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Location of the adenoid
SpecialtyPulmonology Edit this on Wikidata

Adenoiditis is the inflammation of the adenoid tissue, usually caused by an infection. Adenoiditis is treated using medication (antibiotics and/or steroids) or surgical intervention.

Adenoiditis may produce cold-like symptoms. However, adenoiditis symptoms often persist for ten or more days, and often include pus-like discharge from nose.

The infection cause is usually viral. However, if the adenoiditis is caused by a bacterial infection, antibiotics may be prescribed for treatment. A steroidal nasal spray may also be prescribed in order to reduce nasal congestion. Severe or recurring adenoiditis may require surgical removal of the adenoids (adenotonsillectomy).

Signs and symptoms[edit]

Acute adenoiditis is characterized by fever, runny nose, nasal airway obstruction resulting in predominantly oral breathing, snoring and sleep apnea, Rhinorrhea with serous secretion in viral forms and mucous-purulent secretion in bacterial forms. In cases due to viral infection symptoms usually recede spontaneously after 48 hours, symptoms of bacterial adenoiditis typically persist up to a week. Adenoiditis is sometimes accompanied by tonsillitis. Repeated adenoiditis may lead to enlarged adenoids.


Complications of acute adenoiditis can occur due to extension of inflammation to the neighboring organs.


Viruses that may cause adenoiditis include adenovirus, rhinovirus and paramyxovirus. Bacterial causes include Streptococcus pyogenes, Streptococcus pneumoniae, Moraxella catarrhalis and various species of Staphylococcus including Staphylococcus aureus.


It is currently believed that bacterial biofilms play an integral role in the harboring of chronic infection by tonsil and adenoid tissue so contributing to recurrent sinusitis and recurrent or persistent ear disease.[1] Also, enlarged adenoids and tonsils may lead to the obstruction of the breathing patterns in children, causing apnea during sleep.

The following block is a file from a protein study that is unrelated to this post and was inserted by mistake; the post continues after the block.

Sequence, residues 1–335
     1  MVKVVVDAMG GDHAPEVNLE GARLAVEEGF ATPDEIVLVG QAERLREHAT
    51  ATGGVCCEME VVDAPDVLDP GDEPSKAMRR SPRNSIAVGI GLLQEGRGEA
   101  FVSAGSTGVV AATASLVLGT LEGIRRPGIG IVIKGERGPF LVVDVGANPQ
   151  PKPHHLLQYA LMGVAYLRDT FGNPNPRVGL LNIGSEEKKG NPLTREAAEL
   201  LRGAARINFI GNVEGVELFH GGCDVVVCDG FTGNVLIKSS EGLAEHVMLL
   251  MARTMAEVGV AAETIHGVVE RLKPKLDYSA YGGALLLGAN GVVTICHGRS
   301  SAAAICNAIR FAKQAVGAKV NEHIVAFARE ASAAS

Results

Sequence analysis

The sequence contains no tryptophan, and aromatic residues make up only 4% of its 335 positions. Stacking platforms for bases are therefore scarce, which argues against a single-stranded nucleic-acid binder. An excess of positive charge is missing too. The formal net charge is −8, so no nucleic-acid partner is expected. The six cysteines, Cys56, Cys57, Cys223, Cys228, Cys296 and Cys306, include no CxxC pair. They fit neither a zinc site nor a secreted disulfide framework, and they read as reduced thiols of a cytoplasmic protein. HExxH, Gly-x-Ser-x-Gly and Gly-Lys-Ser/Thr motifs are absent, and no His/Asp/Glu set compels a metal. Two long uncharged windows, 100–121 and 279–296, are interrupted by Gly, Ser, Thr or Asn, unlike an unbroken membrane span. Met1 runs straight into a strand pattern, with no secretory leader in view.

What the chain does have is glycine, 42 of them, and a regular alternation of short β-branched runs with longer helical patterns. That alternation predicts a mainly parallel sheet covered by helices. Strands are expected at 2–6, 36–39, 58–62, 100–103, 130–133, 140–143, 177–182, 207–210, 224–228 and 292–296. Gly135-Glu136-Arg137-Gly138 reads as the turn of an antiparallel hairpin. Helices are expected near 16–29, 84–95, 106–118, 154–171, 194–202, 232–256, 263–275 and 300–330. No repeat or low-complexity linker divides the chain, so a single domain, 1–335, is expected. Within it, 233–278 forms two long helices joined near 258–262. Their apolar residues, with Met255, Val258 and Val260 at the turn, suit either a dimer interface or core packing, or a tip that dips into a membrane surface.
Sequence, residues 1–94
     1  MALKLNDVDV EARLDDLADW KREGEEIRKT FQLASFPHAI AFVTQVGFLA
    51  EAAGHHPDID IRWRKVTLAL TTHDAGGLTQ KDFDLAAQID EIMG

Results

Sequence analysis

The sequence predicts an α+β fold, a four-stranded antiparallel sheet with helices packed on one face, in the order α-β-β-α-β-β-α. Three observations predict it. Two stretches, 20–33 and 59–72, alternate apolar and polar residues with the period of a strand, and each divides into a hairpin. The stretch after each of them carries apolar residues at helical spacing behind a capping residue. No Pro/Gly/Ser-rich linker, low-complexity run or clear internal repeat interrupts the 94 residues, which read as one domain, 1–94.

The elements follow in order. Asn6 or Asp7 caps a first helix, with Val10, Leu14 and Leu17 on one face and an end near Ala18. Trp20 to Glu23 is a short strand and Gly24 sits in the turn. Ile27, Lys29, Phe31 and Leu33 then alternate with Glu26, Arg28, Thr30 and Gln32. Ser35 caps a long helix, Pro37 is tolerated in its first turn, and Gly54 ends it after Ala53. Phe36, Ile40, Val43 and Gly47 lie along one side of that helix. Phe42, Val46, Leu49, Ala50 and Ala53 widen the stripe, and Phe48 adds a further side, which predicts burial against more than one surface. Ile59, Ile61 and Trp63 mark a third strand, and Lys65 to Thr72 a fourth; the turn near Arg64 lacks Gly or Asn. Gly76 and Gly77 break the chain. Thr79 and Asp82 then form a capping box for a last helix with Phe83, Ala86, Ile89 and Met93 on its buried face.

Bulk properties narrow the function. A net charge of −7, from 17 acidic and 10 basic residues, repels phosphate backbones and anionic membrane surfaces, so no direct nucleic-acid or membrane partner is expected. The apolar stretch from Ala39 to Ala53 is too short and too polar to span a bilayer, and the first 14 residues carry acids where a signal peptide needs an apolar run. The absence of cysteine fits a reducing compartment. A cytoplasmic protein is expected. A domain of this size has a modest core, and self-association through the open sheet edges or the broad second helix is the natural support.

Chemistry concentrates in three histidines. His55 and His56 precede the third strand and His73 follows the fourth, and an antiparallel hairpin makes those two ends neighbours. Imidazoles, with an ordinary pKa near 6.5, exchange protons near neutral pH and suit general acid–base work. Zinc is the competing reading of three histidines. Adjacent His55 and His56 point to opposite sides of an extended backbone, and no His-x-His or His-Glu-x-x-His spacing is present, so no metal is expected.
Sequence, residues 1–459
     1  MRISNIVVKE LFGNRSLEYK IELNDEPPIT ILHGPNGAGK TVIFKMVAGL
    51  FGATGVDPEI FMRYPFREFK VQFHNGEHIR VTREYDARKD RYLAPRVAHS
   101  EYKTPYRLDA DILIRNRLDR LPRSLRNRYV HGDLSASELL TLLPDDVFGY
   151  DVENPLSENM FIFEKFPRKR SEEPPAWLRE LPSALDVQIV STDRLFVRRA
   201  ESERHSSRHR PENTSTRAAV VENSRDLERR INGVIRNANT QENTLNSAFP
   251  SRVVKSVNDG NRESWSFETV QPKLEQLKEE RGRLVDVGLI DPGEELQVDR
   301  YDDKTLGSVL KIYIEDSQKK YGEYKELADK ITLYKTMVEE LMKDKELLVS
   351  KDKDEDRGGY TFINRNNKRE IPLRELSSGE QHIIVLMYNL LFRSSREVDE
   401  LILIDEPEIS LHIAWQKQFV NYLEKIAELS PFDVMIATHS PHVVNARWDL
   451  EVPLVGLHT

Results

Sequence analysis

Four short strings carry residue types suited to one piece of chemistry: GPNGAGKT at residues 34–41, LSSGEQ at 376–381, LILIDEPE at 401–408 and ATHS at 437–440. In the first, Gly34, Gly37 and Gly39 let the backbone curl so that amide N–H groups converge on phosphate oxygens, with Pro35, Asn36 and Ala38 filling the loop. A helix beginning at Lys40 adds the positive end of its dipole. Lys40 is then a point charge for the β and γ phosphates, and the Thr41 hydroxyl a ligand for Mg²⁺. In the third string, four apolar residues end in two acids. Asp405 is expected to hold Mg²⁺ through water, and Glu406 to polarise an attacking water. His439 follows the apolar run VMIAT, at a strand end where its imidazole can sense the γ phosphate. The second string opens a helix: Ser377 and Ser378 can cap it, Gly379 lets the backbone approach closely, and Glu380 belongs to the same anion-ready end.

The most common bacteria isolated are Haemophilus influenzae, group A beta-hemolytic Streptococcus, Staphylococcus aureus, Moraxella catarrhalis, and Streptococcus pneumoniea. Heamophilus influenza, Moraxella catarrhalis and Streptococcus pneumonia are the three most resistant pathogens of otitis and rhinosinisitis in children suffering from these diseases.


Optical fiber endoscopy can confirm the diagnosis in case of doubt, directly visualizing the inflamed adenoid.[2]


In cases of viral adenoiditis, treatment with analgesics or antipyretics is often sufficient. Bacterial adenoiditis may be treated with antibiotics, such as amoxicillin - clavulanic acid or a cephalosporin. In case of adenoid hypertrophy, adenoidectomy may be performed to remove the adenoid.


Adenoiditis occurs mainly in childhood, often associated with acute tonsillitis. Incidence decreases with age, with adenoiditis being rare in children over 15 years due to physiological atrophy of the adenoid tissue.

See also[edit]


  1. ^ Zautner AE (May 2012). "Adenotonsillar disease". Recent Pat Inflamm Allergy Drug Discov. 6 (2): 121–9. doi:10.2174/187221312800166877. PMID 22452646.
  2. ^ Marseglia GL, Caimmi D, Pagella F, Matti E, Labó E, Licari A, Salpietro A, Pelizzo G, Castellazzi AM (October 2011). "Adenoids during childhood: the facts". Int J Immunopathol Pharmacol. 24 (4 Suppl): 1–5. doi:10.1177/03946320110240S401. PMID 22032778.

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